Health Disease
Neurology Disorders | Cardiology Disorders | Respiratory Diseases | Blood Disorders | Eye Diseases | Endocrine Disorders | Reproductive Disease | Urinary Disorders | Digestive Disorders | Infectious Diseases | Skin Disorders | Immune Disorders | Home Remedies | Herbal Medicines | Drugs & Medicines | First Aid | Plastic Surgery | Depression | Yoga Health | Hair Loss

Home :: Digestive Disorders

Intestinal obtruction


Acute Appendicitis
Acute Peritonitis
Duodenal Ulcer
Food Poisoning
Gastric Erosion
Hiatus Hernia
Intestinal Obstruction
Irritable Bowel Syndrome
Peptic Ulcer
Round Worm
Viral Gastroenteritis

Intestinal obtruction is an emergency condition due to mechanical obstruction of the small intestine due to various reasons.

1. Lesions outside the intestine e.g. adhesive fibrous bands, hernias.
2. Lesions within the wall of the intestine e.g. diverticulitis, cancer, chronic inflammatory bowel disease.
3. Obstruction of the lumen of the intestine e.g. gall stones.

With obstruction of the intestine, distention takes place which is caused by the accumulation of gas and fluid proximal to the block. Blood flow is gradually compromised with the build up of pressures with in the intestine and as the intestine distends more and more, venous return to the heart is slowed down considerably. Severe loss of fluids into the distended segment occurs leading to electrolyte imbalance, renal failure, shock and death. An obstruction also can occur when part of the intestine bulges through an abnormal opening (hernia), such as a weakness in the muscles of the abdomen, and becomes trapped. Strangulation of a bowel segment may cause necrosis (death of the tissue), perforation (a hole), and loss of fluid and blood. Since intestinal contents can't go downstream from the stomach, nausea and vomiting occur in most patients.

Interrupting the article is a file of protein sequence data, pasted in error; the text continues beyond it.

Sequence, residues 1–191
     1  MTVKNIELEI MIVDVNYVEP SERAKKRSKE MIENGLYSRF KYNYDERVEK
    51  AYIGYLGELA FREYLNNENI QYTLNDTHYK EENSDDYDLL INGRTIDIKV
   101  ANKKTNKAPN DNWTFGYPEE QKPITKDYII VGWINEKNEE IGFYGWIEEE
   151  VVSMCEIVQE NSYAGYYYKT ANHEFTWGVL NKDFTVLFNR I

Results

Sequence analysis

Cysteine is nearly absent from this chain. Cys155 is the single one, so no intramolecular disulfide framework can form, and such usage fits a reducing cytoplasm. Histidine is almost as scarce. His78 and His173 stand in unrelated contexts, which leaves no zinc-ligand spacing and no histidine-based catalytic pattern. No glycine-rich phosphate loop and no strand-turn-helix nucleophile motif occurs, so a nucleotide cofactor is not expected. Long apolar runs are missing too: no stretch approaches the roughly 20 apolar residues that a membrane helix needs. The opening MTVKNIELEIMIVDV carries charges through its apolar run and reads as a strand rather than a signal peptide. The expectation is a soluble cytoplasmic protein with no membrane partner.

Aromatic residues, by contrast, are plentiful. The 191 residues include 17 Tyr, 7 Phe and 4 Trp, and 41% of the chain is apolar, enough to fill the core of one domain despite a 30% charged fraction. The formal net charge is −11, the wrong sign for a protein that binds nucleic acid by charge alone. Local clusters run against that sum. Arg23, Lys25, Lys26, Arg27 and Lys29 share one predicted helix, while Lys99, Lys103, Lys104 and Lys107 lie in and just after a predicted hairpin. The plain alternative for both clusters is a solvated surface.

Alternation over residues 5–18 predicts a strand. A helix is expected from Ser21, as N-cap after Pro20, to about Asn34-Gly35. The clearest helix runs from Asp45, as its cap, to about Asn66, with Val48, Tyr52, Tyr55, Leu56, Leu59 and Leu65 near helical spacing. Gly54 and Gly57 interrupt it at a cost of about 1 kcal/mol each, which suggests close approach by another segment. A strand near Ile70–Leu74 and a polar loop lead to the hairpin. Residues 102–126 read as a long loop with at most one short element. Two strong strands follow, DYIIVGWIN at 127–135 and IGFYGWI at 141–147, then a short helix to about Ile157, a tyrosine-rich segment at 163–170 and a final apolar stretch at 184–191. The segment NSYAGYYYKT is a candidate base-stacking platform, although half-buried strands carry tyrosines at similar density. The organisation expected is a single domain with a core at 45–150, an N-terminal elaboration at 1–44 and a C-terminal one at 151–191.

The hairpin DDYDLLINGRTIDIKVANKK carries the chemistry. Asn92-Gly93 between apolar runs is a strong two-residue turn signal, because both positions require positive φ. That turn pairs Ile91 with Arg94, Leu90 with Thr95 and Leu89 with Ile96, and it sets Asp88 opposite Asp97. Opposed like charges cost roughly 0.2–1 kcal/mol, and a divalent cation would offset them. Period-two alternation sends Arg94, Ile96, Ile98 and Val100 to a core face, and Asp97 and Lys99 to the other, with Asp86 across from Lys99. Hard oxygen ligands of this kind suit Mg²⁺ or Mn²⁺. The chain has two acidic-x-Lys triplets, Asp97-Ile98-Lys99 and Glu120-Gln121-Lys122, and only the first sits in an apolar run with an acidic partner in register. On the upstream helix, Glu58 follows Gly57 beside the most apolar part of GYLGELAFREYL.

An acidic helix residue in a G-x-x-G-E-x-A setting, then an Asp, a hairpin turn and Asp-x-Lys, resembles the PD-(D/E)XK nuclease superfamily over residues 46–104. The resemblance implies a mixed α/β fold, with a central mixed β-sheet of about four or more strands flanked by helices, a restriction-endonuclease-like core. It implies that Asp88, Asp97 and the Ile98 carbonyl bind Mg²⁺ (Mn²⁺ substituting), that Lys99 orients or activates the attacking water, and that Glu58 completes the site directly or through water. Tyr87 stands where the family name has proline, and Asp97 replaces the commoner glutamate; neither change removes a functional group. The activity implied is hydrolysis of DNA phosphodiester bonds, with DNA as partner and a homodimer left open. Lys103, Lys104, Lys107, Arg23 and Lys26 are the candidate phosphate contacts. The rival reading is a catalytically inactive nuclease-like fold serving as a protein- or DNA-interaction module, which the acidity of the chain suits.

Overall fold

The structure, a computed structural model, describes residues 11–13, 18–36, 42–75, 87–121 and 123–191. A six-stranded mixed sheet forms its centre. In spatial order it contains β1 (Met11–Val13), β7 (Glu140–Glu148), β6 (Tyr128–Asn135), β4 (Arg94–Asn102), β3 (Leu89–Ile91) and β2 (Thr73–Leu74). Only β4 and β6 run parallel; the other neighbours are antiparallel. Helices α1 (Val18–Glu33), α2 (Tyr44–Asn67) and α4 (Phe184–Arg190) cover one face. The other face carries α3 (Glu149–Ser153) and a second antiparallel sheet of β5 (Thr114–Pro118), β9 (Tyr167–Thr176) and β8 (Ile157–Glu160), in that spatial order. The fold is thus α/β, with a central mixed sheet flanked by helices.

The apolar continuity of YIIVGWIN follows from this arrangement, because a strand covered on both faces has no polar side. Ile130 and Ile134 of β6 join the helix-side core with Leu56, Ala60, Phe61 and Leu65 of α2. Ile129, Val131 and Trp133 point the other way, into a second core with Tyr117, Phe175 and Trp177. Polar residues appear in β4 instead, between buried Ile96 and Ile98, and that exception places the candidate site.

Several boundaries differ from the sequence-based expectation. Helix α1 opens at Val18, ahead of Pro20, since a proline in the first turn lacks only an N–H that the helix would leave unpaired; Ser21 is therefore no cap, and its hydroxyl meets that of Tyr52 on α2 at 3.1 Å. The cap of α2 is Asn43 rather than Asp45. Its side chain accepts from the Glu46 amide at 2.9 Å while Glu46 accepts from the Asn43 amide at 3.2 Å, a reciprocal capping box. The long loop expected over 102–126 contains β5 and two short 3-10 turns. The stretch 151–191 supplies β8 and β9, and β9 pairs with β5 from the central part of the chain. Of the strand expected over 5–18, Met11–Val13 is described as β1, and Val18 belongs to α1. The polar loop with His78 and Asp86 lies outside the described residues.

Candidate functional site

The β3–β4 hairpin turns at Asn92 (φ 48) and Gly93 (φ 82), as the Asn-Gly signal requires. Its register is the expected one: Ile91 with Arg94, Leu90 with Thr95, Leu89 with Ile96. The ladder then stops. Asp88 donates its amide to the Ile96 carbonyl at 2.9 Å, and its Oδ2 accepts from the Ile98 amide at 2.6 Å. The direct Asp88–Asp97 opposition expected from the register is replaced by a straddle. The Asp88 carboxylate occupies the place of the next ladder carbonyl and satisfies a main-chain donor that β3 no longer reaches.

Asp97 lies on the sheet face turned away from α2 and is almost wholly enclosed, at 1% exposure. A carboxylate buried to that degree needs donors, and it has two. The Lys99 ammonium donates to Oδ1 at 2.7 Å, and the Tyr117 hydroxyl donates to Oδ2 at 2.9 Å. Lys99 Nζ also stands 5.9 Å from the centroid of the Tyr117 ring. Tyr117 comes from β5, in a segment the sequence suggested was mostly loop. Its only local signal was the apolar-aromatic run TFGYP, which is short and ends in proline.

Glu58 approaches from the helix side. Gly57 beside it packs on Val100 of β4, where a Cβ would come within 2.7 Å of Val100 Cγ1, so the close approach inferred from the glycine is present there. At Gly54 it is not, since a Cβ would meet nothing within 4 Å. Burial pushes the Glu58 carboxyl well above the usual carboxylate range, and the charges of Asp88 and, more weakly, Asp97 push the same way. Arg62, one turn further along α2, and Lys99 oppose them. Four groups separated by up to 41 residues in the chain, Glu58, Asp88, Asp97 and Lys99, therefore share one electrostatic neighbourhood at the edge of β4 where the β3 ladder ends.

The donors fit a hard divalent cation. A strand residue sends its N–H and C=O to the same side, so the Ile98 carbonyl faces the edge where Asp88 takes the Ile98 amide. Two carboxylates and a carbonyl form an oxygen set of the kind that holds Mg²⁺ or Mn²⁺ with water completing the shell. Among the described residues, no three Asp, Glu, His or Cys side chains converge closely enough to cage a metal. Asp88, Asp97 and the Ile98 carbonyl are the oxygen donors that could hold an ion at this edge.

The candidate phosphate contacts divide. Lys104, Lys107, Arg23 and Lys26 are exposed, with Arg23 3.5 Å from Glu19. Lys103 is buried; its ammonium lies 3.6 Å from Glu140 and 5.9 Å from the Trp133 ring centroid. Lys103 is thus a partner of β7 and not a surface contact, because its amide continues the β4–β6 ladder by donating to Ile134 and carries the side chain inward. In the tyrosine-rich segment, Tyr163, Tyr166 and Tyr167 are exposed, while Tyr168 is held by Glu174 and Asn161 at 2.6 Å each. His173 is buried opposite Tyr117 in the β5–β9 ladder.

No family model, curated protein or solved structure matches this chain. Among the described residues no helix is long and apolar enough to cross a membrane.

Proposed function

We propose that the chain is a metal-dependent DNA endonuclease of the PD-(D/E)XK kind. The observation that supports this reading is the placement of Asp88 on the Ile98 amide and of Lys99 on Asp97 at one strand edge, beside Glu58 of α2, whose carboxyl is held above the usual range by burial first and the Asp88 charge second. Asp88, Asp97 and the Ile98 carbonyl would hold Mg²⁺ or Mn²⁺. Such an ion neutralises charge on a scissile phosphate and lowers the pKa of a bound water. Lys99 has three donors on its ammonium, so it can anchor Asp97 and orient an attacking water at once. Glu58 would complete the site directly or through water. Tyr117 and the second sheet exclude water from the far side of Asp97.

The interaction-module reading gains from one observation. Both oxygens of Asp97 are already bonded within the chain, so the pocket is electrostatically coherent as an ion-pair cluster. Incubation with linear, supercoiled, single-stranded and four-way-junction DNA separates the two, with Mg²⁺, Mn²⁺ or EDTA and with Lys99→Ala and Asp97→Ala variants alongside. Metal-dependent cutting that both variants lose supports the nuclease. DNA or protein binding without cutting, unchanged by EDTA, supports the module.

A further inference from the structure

Bowel obstruction is a mechanical blockage of the intestines, preventing the normal transit of the products of digestion. As blockage occurs gas and air distend the bowel proximal (closest) to the blockage Not only can intestinal obstruction result in an array of uncomfortable signs and symptoms - including crampy abdominal pain and swelling of your abdomen, nausea and vomiting - if left untreated, intestinal obstruction can cause the blocked parts of your intestine to die. Some causes include adhesions (scar tissue), foreign bodies, intussusception , ischemia (decreased blood supply), hernias , volvulus (twisting) or tumors. Obstruction in the large intestine may be attributed to tumors, volvulus (twisting of the intestine), diverticulitis, and other colon disorders. Bowel edema and ischemia increase the mucosal permeability of the bowel, which can lead to bacterial translocation, systemic toxicity, dehydration, and electrolyte abnormalities. Bowel ischemia can lead to perforation and fecal soilage of the peritoneal cavity. This tissue death can lead to perforation of the intestine, severe infection and shock. In adults, an obstruction of the first segment of the small intestine (duodenum) may be caused by cancer of the pancreas; scarring from an ulcer, a previous operation, or Crohn's disease; or adhesions, in which a fibrous band of connective tissue traps the intestine.